The company had to quickly adapt its application to handle deliveries, something that was long overdue at the company, he said.

“We [accomplished] things that we would not have been able to do when business was regular,” Stenta said. “We wouldn’t have been able to really work on the menu the way that I wanted to work on it, because those things are disruptive to our guests.”

Last year, the company began shipping frozen pies nationally, charging from $33 to $36 each plus shipping costs.

In-store pies typically run in the $16 to $22 range.

Renovations Equal Sales

Polly’s began renovating one restaurant in its portfolio at a time, the latest being the 4,600-square-foot location on Adams Avenue in Huntington Beach.

It had been a longtime project for the company due to the high-traffic area and customer base of younger families. New seats were put in, plus a new seating model, the restrooms were redone, and a new outdoor patio was built.

Polly’s has reported a positive response to the new restaurant design, based on prior renovations in Cerritos and Hemet.

“We know that when we renovate our buildings there’s an instant lift in sales,” Stenta said.
Sales per restaurant have risen 37% on average, he said.

“If we can drive those top lines, this could prove to be a new concept, or a new idea of a concept,” he said.

The newer models have been designed by granddaughter Mitosinka, who aimed to make the Huntington Beach restaurant resemble the building when it originally opened in 1983.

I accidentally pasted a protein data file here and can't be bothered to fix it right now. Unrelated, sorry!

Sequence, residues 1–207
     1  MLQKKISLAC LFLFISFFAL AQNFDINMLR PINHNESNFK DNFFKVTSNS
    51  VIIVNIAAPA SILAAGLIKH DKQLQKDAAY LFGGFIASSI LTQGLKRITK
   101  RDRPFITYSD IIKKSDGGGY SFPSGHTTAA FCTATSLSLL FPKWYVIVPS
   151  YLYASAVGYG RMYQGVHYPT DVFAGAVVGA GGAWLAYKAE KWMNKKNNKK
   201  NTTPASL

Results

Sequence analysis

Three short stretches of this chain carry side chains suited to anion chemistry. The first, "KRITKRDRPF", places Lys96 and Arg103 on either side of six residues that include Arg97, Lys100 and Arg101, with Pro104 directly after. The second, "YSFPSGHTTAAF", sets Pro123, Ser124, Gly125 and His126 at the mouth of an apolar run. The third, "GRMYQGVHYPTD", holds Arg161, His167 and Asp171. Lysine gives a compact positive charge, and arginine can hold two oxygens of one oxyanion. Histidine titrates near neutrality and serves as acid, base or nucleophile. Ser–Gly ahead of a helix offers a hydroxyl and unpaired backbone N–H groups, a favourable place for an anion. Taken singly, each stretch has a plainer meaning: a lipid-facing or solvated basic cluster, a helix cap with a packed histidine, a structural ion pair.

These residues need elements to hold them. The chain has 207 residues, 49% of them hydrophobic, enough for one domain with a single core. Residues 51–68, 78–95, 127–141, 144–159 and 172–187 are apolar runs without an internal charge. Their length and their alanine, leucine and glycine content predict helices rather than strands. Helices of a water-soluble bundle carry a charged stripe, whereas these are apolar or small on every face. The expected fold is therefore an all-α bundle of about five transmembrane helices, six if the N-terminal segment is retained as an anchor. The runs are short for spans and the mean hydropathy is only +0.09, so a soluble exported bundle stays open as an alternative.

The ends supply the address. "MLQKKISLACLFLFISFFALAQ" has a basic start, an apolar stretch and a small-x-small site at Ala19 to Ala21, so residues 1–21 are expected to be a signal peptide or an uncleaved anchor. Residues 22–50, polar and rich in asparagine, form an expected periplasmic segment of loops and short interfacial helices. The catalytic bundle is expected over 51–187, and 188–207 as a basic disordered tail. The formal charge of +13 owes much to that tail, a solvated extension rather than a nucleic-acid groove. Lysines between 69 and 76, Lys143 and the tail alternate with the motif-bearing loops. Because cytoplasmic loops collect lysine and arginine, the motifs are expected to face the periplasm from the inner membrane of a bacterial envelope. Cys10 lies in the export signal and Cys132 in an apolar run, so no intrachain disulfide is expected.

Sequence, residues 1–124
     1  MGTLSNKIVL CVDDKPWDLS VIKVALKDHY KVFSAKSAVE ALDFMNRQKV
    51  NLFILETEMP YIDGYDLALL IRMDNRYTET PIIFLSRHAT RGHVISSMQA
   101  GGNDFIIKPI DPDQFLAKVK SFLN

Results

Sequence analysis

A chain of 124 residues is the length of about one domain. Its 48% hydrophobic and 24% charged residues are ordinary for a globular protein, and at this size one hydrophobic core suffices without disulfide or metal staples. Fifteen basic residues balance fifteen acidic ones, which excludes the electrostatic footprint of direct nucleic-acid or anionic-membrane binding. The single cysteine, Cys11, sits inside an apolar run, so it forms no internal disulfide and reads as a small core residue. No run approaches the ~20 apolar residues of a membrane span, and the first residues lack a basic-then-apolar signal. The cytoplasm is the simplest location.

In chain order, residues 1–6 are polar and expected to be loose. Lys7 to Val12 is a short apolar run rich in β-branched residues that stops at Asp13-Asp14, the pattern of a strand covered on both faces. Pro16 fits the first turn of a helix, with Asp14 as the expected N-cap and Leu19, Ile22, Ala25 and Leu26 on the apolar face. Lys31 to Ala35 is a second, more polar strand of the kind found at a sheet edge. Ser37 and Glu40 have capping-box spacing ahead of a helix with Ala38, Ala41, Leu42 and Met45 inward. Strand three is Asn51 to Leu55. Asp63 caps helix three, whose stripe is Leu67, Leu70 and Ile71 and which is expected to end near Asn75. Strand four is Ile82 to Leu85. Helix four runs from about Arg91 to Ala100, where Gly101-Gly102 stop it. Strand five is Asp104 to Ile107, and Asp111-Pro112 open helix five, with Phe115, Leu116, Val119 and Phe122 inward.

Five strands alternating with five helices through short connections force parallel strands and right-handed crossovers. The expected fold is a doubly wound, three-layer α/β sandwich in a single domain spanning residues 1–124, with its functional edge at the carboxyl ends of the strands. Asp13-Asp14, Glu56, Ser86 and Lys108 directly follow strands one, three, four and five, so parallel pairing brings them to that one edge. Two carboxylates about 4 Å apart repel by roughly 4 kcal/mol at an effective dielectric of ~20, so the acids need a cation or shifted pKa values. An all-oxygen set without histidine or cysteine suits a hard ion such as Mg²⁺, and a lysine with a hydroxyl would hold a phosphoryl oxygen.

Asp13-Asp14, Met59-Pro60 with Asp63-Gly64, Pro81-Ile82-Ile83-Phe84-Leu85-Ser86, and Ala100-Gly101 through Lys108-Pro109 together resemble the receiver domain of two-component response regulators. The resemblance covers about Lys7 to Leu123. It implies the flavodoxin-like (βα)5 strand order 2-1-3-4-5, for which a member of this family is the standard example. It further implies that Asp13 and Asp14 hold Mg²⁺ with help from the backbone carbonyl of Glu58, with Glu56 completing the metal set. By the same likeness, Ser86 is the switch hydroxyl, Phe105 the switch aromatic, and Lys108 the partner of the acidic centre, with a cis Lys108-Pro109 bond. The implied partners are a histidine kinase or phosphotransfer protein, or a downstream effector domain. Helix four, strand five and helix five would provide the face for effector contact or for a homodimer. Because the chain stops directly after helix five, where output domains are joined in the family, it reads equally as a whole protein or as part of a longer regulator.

Costs of the remodels have ranged from $300,000 to $1 million depending on each location and scope.

Surprise Success

A short-term solution caused by the closure of the Huntington Beach store during its renovation may become a permanent Polly’s feature.

Stenta noted that during the almost three-month-long renovation, Polly’s was able to open a pop-up pie shop a few doors down that resembled more of a standalone bakery, only selling pies.

“It was a great opportunity for us to test that retail space,” Stenta said.

The executive said that Polly’s would begin looking into “derivatives” of the pop-up for future expansion that would require less investment and allow the company to go to market faster.

Next year, the chain could possibly test out solo pie shops or small cafés. It could also look at what a fast-casual version of the existing restaurant would look like.

“We’re going to raise that bar and get some new sales,” Stenta said.
Polly’s Pies’ website says more new locations are “on the drawing board,” though it’s not the only priority for the firm and its CEO.